A decade after the Spanish transition to democracy, the Saint Vincent Declaration was signed,6 provoking political debate within and beyond the Spanish parliament. The present study aimed to analyze the political agenda concerning diabetes in democratic Spain (1979-2010) as reflected in the frequency and discourse of Spanish parliamentary debates on the subject.



We conducted a systematic search of the Congress of Deputies' database (available at: http://www.congreso.es), for 1979-2010. This database contains information on parliamentary interventions and the daily proceedings of Deputies and Senate sessions.27 The search strategy included the use of the keyword "diabetes" in free text format. We classified the data collected according to Spanish Congress Regulations27,28 and classified the initiatives into the following categories: 1) legislative initiatives; 2) policy-oriented initiatives (non-legislative proposals); 3) government accountability initiatives (parliamentary questions to the government, interpellations and requests for information).

The content of initiatives was analyzed and the initiatives were classified in accordance with the conclusions of the Second National Congress of the Spanish Diabetes Federation in 200628 and the observations made by the WHO in its Diabetes Action Now program.29 The issues studied were the following: 1) social programs: strategies involving educational, health promotion and disease prevention programs; 2) access to resources and healthcare services: determinants, barriers and conditioning factors affecting the profile of use and access to primary and specialist healthcare services for patients with diabetes; 3) multisectoral and national diabetes plans and strategies; 4) calls for clinical and epidemiological research into the causes, symptoms and consequences of diabetes; 5) promotion/prevention strategies for childhood; 6) economic issues related to budgets and funding of diabetes programs; 7) foot care in diabetes.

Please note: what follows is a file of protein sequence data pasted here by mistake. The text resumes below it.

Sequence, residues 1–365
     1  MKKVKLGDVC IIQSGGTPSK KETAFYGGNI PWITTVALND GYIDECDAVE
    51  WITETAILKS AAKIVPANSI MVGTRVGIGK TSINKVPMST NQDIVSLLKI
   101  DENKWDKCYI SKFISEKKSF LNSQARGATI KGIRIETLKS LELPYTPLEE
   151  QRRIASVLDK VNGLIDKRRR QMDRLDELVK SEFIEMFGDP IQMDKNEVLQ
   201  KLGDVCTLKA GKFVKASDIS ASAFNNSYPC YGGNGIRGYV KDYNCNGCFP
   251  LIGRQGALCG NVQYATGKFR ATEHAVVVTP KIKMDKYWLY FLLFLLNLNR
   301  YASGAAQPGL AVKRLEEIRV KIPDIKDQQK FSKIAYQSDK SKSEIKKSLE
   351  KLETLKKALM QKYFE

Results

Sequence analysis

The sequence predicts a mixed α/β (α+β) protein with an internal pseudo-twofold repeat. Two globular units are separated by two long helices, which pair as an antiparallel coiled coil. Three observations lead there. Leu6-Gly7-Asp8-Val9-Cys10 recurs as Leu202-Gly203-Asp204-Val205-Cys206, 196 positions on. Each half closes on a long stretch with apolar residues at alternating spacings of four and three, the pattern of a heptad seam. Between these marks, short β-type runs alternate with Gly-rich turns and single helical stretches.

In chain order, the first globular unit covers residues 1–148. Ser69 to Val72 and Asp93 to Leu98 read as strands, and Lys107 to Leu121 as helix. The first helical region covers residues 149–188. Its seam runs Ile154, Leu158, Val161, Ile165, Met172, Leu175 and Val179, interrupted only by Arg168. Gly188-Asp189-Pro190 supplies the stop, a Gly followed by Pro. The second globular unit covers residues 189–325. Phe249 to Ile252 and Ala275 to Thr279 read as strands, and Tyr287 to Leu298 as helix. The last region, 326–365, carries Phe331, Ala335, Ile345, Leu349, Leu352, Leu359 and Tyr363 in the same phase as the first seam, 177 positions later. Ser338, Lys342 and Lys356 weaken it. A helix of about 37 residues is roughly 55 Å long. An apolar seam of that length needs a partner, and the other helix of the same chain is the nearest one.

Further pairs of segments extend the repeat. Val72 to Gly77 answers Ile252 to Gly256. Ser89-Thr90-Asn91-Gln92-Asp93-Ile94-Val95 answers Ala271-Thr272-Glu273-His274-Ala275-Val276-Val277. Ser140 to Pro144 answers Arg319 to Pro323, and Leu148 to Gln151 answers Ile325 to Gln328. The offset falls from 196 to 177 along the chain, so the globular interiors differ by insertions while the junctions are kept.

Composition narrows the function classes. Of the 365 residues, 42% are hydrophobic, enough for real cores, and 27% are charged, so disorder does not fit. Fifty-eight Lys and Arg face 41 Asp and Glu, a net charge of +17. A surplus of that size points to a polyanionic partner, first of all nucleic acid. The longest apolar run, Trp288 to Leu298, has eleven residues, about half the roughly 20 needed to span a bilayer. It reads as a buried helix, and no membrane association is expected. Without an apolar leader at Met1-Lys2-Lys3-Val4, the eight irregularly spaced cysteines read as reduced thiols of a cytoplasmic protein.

SPSS software enabled us to perform a sweep of the text content of initiatives on diabetes. We carried out a descriptive study of the frequencies of these issues. To conduct an internal validation of the content of the initiatives as measurement tools and to ensure a common meaning, the research team produced operative definitions for each thematic issue. Subsequently, we calculated the level of inter-observer agreement (authors AA and JCR) by means of the concordance index and obtained a high level of agreement (82%).

We also analyzed issues identified in the initiatives according to: 1) year of presentation and legislature; 2) the parliamentary group promoting the intervention: Partido Socialista Obrero Español (PSOE, Spanish Socialist Workers' Party), Partido Popular (PP, Popular Party), Convergència i Unió (CIU, Convergence and Union), Grupo Parlamentario Mixto (Mixed Group) and Izquierda Unida (IU, United Left), others; 3) the parliamentary group in government at the time of the intervention: PSOE/PP; 4) the decisions made on policy initiatives: approved/not approved; and 5) where the initiative was debated (in Special Commissions or in parliament). Legislative and non-legislative proposals need approval while the government accountability initiatives (parliamentary questions to the government, interpellations and requests for information) need only a government reply (with or without debate).